Interactions between interleukin-1 beta, nitric oxide and prostaglandin E2 in the rat ovary: effects on steroidogenesis

in European Journal of Endocrinology
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  • 1 Department of Physiology, St George's Hospital Medical School, London, UK.
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It has been reported that interleukin (IL)-1 beta induces the synthesis of both nitric oxide (NO) and prostaglandin (PG)E2 in cultures of dispersed ovarian cells and exerts cytotoxic effects on these cells. Since PGE2, NO and IL-1 beta have been implicated as modulators of steroidogenesis, experiments have been undertaken to determine how IL-1 beta-induced NO and PGE2 production may affect steroidogenesis in cultures of ovarian dispersates obtained from untreated adult oestrous rats and to compare the action of IL-1 beta in cultures of granulosa/luteal (GL) cell-only cultures and GL cells co-cultured with peritoneal macrophages. IL-1 beta significantly increased the production of NO (assessed by nitrite measured in the culture medium) and PGE2 in cultures of ovarian dispersates but had no effect on cultures of GL cells in which NO production was typically very low and PGE2 production was undetectable. In contrast both NO and PGE2 were high in co-cultures and were not significantly altered by the addition of IL-1 beta. The NO donor sodium nitroprusside inhibited steroidogenesis in cultures of ovarian cells in a dose-dependent manner while PGE2 had a stimulatory effect. Concomitant inhibition of NO production with aminoguanidine and PG production with indomethacin resulted in a significant enhancement of basal progesterone production in these cultures. Finally, IL-1 beta inhibited progesterone responses to forskolin and PGE2 in ovarian dispersates: an effect not observed in GL cell-only cultures nor in co-cultures in which forskolin-induced progesterone production is always inhibited. No cytotoxic effects of IL-1 beta during the 48 h period of culture were observed. A comparison of the steroidogenic NO and PGE2 responses to IL-1 beta in the three culture models suggests that (i) the response to IL-1 beta observed in ovarian dispersates could be due to cytokine activation of resident and infiltrating macrophages or that the action of IL-1 beta requires some other heterologous cell-cell contact, and (ii) IL-1 beta acts indirectly on signal transduction pathways which stimulate steroidogenesis.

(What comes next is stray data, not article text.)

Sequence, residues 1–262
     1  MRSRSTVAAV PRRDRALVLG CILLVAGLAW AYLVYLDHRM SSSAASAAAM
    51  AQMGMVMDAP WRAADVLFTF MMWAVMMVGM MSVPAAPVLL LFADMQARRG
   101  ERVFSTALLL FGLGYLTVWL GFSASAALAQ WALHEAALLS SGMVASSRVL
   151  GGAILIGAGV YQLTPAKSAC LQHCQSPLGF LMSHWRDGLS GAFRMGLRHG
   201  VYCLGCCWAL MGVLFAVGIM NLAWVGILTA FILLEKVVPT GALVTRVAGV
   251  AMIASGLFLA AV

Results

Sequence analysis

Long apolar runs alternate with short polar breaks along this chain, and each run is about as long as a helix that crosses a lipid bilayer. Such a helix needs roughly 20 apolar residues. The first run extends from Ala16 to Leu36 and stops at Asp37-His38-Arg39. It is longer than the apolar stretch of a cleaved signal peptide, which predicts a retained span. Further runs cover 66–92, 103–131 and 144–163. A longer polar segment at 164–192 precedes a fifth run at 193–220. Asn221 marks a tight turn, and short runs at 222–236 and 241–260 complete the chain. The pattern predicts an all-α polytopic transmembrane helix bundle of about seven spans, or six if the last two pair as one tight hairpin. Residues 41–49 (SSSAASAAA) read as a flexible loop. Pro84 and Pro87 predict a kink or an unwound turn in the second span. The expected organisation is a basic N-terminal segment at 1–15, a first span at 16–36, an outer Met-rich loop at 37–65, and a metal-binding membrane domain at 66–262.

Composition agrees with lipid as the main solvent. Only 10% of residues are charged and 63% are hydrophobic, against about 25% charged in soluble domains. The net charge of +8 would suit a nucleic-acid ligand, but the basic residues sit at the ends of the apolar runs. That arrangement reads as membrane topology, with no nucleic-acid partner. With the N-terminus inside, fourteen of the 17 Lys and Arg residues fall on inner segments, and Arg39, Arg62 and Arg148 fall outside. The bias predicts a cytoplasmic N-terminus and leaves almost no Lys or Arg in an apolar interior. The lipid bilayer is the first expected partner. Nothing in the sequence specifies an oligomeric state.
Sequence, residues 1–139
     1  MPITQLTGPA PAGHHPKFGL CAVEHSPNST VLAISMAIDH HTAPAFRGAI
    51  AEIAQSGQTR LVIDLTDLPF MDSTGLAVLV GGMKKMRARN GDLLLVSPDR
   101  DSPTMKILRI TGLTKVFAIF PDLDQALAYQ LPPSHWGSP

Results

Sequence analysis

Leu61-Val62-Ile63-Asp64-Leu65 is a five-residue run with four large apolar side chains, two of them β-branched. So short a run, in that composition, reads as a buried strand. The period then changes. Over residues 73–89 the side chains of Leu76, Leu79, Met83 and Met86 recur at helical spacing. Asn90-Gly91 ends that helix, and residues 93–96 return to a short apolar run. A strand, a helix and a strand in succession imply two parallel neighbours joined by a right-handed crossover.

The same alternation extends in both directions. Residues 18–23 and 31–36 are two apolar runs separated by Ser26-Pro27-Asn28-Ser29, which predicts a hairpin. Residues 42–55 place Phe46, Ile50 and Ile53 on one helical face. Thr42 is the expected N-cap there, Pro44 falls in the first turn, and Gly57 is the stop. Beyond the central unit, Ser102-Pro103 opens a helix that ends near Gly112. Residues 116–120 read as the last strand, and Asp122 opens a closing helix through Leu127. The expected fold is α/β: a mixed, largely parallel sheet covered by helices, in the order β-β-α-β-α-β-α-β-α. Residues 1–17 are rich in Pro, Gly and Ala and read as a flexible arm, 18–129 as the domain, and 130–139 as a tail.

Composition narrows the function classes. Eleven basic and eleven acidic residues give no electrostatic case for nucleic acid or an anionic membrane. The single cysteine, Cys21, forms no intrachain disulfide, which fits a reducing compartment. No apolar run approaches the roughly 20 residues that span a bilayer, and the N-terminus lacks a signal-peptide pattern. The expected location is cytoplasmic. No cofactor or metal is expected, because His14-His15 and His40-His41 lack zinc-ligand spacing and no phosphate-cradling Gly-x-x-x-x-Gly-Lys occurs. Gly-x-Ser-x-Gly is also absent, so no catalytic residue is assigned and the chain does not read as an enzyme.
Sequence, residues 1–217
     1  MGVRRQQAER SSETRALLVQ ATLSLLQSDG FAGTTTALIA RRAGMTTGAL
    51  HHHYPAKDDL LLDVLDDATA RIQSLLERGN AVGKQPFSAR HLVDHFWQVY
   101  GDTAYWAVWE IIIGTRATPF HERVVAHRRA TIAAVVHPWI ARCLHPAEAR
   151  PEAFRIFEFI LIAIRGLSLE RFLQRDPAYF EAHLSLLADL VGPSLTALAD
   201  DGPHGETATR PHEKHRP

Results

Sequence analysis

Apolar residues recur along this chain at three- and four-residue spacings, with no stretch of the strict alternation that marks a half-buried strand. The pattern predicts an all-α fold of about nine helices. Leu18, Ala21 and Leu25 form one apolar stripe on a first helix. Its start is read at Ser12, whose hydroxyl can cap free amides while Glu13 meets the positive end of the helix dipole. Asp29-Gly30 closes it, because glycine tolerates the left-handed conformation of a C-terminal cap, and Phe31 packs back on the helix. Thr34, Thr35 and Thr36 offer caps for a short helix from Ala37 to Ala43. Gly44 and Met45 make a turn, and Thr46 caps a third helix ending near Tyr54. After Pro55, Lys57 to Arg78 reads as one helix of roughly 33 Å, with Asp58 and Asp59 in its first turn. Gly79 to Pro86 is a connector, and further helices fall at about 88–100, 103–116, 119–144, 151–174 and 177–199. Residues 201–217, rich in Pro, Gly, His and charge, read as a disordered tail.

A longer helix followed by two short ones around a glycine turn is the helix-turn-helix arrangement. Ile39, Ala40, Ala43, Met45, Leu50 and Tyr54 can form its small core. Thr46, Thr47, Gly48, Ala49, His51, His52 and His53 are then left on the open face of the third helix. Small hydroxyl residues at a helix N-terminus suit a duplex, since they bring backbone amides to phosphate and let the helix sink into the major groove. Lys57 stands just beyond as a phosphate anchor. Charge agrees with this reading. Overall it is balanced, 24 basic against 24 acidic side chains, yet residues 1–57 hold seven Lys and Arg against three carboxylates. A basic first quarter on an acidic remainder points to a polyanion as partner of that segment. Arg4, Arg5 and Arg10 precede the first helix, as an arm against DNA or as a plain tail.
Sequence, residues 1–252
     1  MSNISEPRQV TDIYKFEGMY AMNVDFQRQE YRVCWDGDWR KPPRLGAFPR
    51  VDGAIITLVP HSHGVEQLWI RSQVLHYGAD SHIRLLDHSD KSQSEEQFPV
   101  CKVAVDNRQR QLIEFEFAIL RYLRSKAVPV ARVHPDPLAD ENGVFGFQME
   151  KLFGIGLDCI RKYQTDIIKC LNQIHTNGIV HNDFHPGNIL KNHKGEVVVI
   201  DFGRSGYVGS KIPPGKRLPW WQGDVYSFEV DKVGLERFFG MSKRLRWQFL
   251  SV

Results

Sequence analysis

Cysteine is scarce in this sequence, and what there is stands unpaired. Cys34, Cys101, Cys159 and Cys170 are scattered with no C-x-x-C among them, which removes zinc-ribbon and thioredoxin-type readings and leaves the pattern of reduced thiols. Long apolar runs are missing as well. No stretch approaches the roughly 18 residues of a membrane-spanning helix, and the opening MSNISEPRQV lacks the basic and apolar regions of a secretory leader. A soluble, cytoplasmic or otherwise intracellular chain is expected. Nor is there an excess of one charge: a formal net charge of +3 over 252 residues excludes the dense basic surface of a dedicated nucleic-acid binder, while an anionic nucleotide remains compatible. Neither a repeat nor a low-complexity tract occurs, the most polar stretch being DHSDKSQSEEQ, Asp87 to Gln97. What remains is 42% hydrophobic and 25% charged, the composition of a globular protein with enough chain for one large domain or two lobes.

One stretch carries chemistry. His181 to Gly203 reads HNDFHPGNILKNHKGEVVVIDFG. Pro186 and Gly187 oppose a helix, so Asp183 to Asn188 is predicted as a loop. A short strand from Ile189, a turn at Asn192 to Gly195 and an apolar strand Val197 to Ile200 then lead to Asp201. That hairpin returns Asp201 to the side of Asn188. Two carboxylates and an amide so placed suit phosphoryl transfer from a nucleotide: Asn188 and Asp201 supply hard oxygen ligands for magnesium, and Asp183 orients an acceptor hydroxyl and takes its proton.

European Society of Endocrinology

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